Well, first you'd need to find the latitude and longitude of the two addresses. There are several sites on the Internet that will do this geocoding for you with a simple HTTP request, including Google. Then you just use simple spherical trigonometry to find the distance between those two sets of coordinates.
Okay, maybe not simple. But you can find the formula easily enough on the Internet, for example here.
You can use Google Maps API by providing it with Latitude and Longitude parameters of the start point and destination. I think you can also use Zip codes in case of US locations, not sure though...
Dont even think that you can do this using any other means if you intention is to find the actual surface/driving distance. However, if it is just straightline/flight path distance, then you need not use any external APIs, there will be some ready formulae available to do the same using Lat/Long o-ordinates. [ January 27, 2007: Message edited by: Jeevan Philip ]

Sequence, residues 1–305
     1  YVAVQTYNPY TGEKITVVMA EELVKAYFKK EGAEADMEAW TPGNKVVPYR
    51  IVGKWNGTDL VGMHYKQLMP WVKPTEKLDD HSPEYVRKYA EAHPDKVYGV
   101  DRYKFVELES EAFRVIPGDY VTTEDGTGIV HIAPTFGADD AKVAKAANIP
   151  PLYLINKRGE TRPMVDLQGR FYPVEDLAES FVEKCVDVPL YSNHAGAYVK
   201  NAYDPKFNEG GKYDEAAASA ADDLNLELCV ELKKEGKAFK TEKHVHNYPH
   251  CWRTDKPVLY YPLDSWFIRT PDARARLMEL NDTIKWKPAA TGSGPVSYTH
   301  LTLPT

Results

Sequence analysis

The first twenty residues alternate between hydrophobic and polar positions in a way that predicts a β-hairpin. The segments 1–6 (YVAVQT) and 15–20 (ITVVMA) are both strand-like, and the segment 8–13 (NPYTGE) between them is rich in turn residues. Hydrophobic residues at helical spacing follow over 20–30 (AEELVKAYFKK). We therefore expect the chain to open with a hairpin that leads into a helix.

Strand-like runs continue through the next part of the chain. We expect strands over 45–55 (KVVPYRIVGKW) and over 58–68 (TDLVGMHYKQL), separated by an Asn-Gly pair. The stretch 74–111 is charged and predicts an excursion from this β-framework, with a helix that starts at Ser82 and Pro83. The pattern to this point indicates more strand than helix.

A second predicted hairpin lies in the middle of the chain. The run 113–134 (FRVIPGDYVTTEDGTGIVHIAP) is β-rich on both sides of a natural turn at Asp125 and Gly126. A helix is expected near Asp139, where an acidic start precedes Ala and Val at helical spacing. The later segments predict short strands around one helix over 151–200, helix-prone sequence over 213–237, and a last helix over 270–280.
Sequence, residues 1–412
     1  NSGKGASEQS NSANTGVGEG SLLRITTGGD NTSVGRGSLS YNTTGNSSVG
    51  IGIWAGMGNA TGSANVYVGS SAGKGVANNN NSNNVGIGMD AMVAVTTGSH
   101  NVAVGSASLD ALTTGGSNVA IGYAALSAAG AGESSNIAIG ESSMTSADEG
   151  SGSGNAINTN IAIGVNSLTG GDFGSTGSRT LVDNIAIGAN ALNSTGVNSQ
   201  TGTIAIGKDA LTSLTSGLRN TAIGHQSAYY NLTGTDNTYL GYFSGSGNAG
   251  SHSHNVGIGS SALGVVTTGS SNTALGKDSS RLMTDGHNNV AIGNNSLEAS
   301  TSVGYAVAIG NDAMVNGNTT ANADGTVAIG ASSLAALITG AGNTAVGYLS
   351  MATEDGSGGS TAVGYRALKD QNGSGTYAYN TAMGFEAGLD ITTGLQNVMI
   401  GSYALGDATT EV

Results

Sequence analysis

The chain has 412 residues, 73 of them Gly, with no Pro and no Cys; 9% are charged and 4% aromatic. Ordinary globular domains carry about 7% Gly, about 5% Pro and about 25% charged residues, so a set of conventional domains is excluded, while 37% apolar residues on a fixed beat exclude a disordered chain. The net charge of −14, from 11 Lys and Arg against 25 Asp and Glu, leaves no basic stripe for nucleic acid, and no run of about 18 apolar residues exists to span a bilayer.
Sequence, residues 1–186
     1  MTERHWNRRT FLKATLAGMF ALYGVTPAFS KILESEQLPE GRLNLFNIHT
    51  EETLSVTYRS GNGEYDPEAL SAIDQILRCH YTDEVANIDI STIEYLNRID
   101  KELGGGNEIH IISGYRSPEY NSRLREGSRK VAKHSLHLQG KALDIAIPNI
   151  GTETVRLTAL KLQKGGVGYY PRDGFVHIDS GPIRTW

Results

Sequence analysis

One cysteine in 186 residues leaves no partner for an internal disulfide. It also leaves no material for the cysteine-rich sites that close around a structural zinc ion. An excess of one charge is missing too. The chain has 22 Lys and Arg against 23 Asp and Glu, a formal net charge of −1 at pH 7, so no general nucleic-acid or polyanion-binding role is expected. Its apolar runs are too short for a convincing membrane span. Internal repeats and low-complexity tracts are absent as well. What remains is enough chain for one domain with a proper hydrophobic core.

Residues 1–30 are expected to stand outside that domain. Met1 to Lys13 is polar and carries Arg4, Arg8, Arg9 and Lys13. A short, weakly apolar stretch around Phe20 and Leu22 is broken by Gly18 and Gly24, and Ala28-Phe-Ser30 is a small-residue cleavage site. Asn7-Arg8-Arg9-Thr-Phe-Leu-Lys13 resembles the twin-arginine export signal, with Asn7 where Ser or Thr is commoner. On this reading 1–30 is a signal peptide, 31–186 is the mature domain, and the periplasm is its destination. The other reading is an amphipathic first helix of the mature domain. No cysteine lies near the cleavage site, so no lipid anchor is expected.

I Googled around and found Tiger, the US Census geo database. I could use it to determine longitutes and latitudes of US addresses and then convert them to distances. Does anybody use Tiger for this kind of purposes or it would be an overkill?
Both of you mentioned Google web services. Are they free to use from a commercial web application?
When all four tires fall off your canoe, how many tiny ads does it take to build a doghouse?
how do I do my own kindle-like thing - without amazon